Chinese State Pled Guilty to $ 20 Million COVID-19 Pandemic Loan Fraud Scheme | USAO-SDNY

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Audrey Strauss, US Attorney for the Southern District of New York, announced that MUGE MA, a / k / a “Hummer Mars”, a Chinese citizen residing in New York, NY, has today pleaded guilty to fraud … A scheme to receive more than $ 20 million in government-guaranteed loans to help small businesses during the novel coronavirus / COVID-19 pandemic. In connection with applications for a loan for assistance available under the Payroll Protection Program (“PPP”) and the Economic Disaster Loan Program (“EIDL”), MA was falsely submitted to the US Small Business Administration (“SBA “) And at least five financial institutions in which his companies, New York International Capital LLC (” NYIC “) and Hurley Human Resources LLC (” Hurley “), had hundreds of employees and paid these employees millions of dollars in wages, while in fact, MA seems to have been the only employee of his company. M.A. was previously arrested on May 21, 2020 and has been in custody since his arrest. He pleaded guilty today before US District Judge Richard M. Berman, and his sentence is due on September 22, 2021 at 11:00.

Manhattan Attorney Audrey Strauss said: “As he admitted in court today, Muge Ma tried to obtain more than $ 20 million in government-guaranteed loans for businesses affected by the coronavirus / COVID-19 pandemic. Continuing this scheme, Ma falsely told banks and the SBA that he owned two companies with hundreds of employees, to whom he paid millions in salaries. In truth, Ma appears to be the only employee in any of the companies, and he had no legitimate claims to the funds for which he applied. Small businesses face uncertainty and unprecedented challenges, the least of which must be opportunists trying to plunder federal aid funds. Now Muge Ma is awaiting sentencing for admitted criminal fraud. “

According to allegations in public records in federal court in Manhattan:

The Coronavirus Relief, Relief and Economic Security Act (“CARES”) is a federal law passed on March 29, 2020, designed to provide emergency financial assistance to millions of Americans suffering from the economic fallout caused by the COVID-19 pandemic. … One source of relief provided by CARES was the authorization of hundreds of billions of dollars in non-repayable loans to small businesses to save jobs and certain other expenses through SBA PPPs. Under the CARES law, the amount of PPP funds that a business can receive is determined by the number of employees hired by the business and their average salary costs. Companies applying for a PPP loan must provide documentation to prove that they previously paid employees the compensation specified in the loan application. The CARES Act also expanded a separate EIDL program, which has provided small businesses with low-interest loans of up to $ 2 million that can provide vital economic support to help overcome the temporary loss of income they are experiencing due to COVID-19.

Between about March 2020 or about May 15, 2020, MA applied to the SBA and at least five banks for a total of more than $ 20 million in government-guaranteed loans for its NYIC and Hurley companies (together, “ Companies Ma ”) through the SBA PPP and EIDL programs. In connection with these loan applications, M.A. presented, among other things, that he was the sole owner and CEO of Ma’s companies, that Ma’s companies were located on the sixth floor of his luxury condominium in New York, NY, and that NYIC and Hurley together have hundreds of employees and pay them millions every month dollars wages. In fact, however, MA appears to have been the only NYIC employee since at least 2019 or so, and Hurley doesn’t seem to have any employees. In order to corroborate the false representations made by MA in loan applications about the number of employees and the wages paid by Ma companies, MA submitted fake and fake bank records, tax reports, insurance reports, payrolls and / or checked the financial statements of five different banks, and provided links to websites of Ma companies that describe them as supposedly “global” companies. During the filing of these loan applications, M.A. also falsely stated that he is a US citizen, when in fact he is a Chinese citizen with the legal status of a permanent resident of the United States. MA also used the name and identity of another person in connection with filing a fraudulent loan application and supporting documentation with at least one financial institution.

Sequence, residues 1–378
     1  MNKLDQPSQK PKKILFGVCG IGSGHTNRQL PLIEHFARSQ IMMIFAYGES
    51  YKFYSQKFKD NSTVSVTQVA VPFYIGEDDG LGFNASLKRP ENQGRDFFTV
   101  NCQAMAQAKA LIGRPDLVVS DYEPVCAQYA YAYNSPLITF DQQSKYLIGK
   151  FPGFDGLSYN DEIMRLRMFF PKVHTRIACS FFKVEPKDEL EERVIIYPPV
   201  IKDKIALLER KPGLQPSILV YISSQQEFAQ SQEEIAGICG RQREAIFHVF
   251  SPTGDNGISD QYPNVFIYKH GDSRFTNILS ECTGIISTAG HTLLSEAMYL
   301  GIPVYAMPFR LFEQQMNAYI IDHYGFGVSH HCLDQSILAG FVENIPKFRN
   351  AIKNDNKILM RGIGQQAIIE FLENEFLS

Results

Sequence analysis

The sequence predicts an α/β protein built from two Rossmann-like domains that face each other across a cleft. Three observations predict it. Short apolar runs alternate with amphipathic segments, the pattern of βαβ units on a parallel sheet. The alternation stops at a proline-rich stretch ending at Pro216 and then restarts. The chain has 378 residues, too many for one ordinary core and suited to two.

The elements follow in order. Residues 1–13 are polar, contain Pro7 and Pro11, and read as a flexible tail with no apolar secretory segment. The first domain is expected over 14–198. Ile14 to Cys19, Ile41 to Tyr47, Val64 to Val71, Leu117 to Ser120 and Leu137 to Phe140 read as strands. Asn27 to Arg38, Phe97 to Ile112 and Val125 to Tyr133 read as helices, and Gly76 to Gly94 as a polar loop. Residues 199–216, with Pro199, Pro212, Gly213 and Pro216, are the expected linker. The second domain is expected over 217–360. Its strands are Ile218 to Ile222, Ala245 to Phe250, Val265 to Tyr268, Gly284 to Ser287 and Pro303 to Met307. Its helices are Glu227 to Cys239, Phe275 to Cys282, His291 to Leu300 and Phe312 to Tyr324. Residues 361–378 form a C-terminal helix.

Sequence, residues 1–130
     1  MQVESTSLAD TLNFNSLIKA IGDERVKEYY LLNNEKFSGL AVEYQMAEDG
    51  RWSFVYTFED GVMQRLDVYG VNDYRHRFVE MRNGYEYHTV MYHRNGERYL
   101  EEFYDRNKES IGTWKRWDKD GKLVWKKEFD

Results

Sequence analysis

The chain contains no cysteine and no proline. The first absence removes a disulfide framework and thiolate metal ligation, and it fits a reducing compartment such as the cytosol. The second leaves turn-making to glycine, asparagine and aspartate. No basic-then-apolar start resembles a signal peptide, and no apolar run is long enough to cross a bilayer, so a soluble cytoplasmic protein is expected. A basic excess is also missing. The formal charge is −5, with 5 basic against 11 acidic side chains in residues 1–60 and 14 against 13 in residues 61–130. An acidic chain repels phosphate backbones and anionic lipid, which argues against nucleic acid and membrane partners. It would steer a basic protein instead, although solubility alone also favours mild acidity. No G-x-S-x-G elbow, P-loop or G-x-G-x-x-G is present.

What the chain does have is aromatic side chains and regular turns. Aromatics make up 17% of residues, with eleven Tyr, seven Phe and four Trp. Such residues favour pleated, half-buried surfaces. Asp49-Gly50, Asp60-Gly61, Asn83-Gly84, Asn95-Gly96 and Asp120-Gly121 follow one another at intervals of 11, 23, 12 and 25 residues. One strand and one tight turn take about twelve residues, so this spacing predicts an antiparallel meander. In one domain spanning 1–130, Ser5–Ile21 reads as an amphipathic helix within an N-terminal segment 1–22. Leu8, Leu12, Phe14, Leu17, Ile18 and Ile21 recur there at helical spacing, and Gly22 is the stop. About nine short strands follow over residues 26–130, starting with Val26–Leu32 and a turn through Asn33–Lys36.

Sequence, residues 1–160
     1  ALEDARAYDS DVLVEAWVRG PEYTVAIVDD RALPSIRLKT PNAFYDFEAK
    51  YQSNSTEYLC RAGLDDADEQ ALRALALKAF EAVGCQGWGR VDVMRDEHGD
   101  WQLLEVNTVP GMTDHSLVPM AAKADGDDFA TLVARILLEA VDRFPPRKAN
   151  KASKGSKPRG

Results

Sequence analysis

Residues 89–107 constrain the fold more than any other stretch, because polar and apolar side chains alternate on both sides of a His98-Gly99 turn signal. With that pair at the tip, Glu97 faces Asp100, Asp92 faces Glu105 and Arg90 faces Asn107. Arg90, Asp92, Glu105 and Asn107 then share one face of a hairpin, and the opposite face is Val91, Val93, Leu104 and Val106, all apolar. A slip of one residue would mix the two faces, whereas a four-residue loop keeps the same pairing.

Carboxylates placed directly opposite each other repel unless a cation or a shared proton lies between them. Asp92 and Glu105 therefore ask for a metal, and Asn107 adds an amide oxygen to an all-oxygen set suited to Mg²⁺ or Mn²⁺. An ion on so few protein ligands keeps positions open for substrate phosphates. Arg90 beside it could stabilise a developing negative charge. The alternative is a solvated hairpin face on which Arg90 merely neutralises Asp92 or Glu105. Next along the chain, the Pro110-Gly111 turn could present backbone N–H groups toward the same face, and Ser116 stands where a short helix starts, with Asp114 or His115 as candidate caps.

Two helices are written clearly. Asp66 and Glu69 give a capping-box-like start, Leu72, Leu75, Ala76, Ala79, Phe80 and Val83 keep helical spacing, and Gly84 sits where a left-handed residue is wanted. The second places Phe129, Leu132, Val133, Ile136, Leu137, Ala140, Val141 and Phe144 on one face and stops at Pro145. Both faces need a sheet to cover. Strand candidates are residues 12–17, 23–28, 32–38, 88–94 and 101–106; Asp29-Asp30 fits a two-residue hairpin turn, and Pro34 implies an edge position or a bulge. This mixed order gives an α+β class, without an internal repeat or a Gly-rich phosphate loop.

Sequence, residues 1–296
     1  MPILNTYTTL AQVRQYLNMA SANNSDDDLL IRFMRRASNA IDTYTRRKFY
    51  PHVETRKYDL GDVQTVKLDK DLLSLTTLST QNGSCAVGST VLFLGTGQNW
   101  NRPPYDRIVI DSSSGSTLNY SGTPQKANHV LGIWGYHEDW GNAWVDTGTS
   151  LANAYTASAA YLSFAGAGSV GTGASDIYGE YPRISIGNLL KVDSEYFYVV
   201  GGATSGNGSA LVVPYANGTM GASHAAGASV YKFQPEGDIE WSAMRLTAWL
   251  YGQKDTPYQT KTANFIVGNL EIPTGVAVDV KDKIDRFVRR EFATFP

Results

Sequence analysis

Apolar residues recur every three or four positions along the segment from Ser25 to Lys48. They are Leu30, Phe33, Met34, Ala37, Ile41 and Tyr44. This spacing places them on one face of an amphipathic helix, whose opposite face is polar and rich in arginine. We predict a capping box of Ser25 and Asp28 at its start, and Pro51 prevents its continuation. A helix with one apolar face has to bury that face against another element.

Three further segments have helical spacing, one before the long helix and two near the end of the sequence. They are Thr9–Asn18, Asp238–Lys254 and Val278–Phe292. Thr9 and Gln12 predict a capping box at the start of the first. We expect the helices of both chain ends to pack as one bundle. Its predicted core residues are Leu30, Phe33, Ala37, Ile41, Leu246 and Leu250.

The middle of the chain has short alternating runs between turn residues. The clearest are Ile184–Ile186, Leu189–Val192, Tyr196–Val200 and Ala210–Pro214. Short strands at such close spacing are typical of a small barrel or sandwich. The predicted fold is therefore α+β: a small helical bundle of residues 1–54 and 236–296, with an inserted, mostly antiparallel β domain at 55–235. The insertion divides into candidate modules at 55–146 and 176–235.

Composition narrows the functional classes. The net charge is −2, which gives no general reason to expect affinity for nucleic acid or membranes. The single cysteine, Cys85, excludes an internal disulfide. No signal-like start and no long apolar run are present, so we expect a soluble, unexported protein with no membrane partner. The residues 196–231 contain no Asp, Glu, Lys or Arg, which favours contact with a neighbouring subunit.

Prior to the discovery of MA fraud, the SBA approved a $ 500,000 EIDL loan to NYIC and an EIDL loan of $ 150,000 to Hurley, and NYIC received a loan advance of at least $ 10,000. In addition, the bank approved and disbursed more than $ 800,000 in PPP loans to Hurley, which were frozen in connection with this investigation. As a result, M.A. tried to withdraw his loan applications from banks and return the funds.

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M.A., 37 from New York, NY, found guilty on one count of bank fraud, which carries a maximum sentence of 30 years in prison, and one count of aggravated identity theft. which carries a mandatory minimum sentence of two years in prison. consistently with any other conviction. The maximum number of possible sentences is set by Congress and is listed here for informational purposes only, as any sentence to a defendant will be determined by a judge.

Ms Strauss praised the investigative work of the FBI Financial Cybercrime Task Force, SBA-OIG and IRS-CI. Ms. Strauss also thanked the NYPD, NYS Comptroller and NYS Department of Labor for their assistance in the investigation.

This case is being prosecuted by the Office’s Fraud and Cybercrime Division. Assistant US Attorney Sagar K. Ravi answers the charge.

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